Steve Stone, just like Burnley boss Sean Dyche, is straight out of the school of legendary Nottingham Forest figures Brian Clough and Archie Gemmill.
The Under 23s coach learned his trade at the City Ground having graduated from the youth set up before going on to make more than 200 appearances for the club.
Working under Clough, who led Forest to successive European Cups, and former Scotland international Gemmill, who played in Forest’s 1979 final against Malmo FF at the Olympiastadion in Munich, has clearly rubbed off on Stone.
Both were outspoken, intimidating characters, but the pair, considered to be two of the best coaches of their time, left their mark on the game.
Clough, considered to be ‘the greatest manager England never had’, won 16 pieces of silverware in his time with Forest and Derby County as well as three individual honours.
One-time England winger Stone, who featured nine times for the Three Lions, truly valued his education in West Bridgford and is hoping he can share his knowledge with the future generation at Turf Moor.
“It has got to be [the Clough effect],” said Stone. “It is what he instilled in you. He wanted you to be good people first and I always talk about that to my players.
“You always have to be a good person before you are a good footballer because it will help you along the way.
“Brian was like that and we all seem to have the same traits, work really hard, play good football and be good people. That comes out of it.
“I couldn’t see Stuart Pearce being a good person, but I got underneath that and realised he was a good person with the way he trained and went about his business.
“He interacted with people and helped the younger kids with doing the right thing by being a professional and giving you a tough time to show how hard you had to work to get to where he was.
“There were so many good role models in that dressing room and we’re all of the same ilk. We all want to win and have a winning mentality because that is what the coaches had when we were there.”
Stone, who scored 27 times for Forest in all competitions, learned that it’s essential to play both ‘good cop’ and ‘bad cop’ to succeed in the industry, just a more diluted version of Gemmill’s methods.
The former winger, who went on to play for Aston Villa, Portsmouth and Leeds United, added: “I had Archie Gemmill, who was a really good coach and a proper footballer who had played in World Cups.
“He was tough and really hard. I am hard on my players as well, but not to the extent he was. I get that young players and people are different these days and I have to manage them differently.
“I have a wide age group as well with lads like Dan Agyei, who are 21-22, down to Lewis Richardson, who is 16 and still in school.
“That is the difficulty I find, managing the age groups where one is a child at school and Dan Agyei is a man.
“I have to get that balance right and that has been my development as a coach. I struggled with it to start with, but now I am getting better at it. We are all trying to improve all of the time.”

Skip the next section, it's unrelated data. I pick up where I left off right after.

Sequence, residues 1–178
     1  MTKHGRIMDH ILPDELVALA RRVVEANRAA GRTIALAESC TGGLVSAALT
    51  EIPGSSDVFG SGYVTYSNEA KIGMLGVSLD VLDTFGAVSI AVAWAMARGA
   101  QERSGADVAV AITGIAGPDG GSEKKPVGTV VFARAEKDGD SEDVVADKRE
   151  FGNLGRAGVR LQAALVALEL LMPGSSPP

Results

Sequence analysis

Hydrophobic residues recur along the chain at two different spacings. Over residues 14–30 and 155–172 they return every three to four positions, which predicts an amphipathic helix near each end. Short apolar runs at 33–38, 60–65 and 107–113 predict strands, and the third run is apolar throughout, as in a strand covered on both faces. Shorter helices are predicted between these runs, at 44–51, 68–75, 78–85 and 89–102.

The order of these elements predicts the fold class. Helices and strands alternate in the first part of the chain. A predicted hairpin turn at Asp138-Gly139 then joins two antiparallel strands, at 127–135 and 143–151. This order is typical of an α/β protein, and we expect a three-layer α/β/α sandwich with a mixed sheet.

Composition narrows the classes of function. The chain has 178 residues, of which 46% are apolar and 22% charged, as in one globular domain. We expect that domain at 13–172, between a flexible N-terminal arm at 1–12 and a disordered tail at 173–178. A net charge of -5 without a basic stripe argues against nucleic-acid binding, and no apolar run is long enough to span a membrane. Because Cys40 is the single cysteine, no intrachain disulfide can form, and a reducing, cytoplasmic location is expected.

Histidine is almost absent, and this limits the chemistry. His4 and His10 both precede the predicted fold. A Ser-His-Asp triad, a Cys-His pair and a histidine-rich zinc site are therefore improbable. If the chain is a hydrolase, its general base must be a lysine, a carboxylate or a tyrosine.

The emergence of Dwight McNeil is the paragon of the academy’s conveyor belt of talent, even though the 19-year-old was on the scene prior to Stone’s arrival.
Others such as Jimmy Dunne [Hearts and Sunderland] and Ali Koiki [Swindon Town] have enjoyed successful loan spells, as did goalkeeper George McMahon [Ashton United] and Scott
Wilson [Stalybridge Celtic] with the latter recently signing his first professional contract at Turf Moor.
Meanwhile, Anthony Glennon and Josh Benson both made the bench for the Clarets during the 2018/19 campaign.
Now Stone is looking for more of the same. “Duffo left me in a good place, he has the same mentality that I have. He has been brought up around the gaffer and the first team and the squad had that.
“All I have tried to do is to keep edging it forward and move the Under-18s alongside us to try and educate them.
“It has been a real positive and it is going in the right direction, but we need to continue to invest. There is no point having one good season and then falling behind again.
“We need to get more players out on loan and I need them to experience league football. I am a bit disappointed that we have had to keep some of the boys here because I would have liked more to have gone out.
“My aim next season is to get more of the Jimmy Dunne’s, Ali Koiki’s out so they can play men’s football and develop.”
Stone, who guided the Under 23s to the Lancashire Senior Cup final and a fourth place finish in the Professional Development League, added: “In terms of the players we have brought through, I think that has been a huge positive.
“The gaffer is trusting them and they are getting there on merit and when there is space he is looking at the likes of Josh, who he has seen in training, and said ‘I will have him’.
“Glenno has deserved a place on the bench because he has been brilliant in training. They might not get on the pitch yet, because they are not ready, but it shows that the gaffer has trust in what we are doing.
“Because you are so attached to the players, and it is impossible not to be, you have immense pride for them. I have had my career and my job is to get them through now.
“I remember making my debut many years ago and how proud I was to do it and how in awe I was of the whole situation.
“Now I look at Glenno and I live my memories through him and the others and it is great to see. I have a small part (to play) but I see how hard they work every single day.”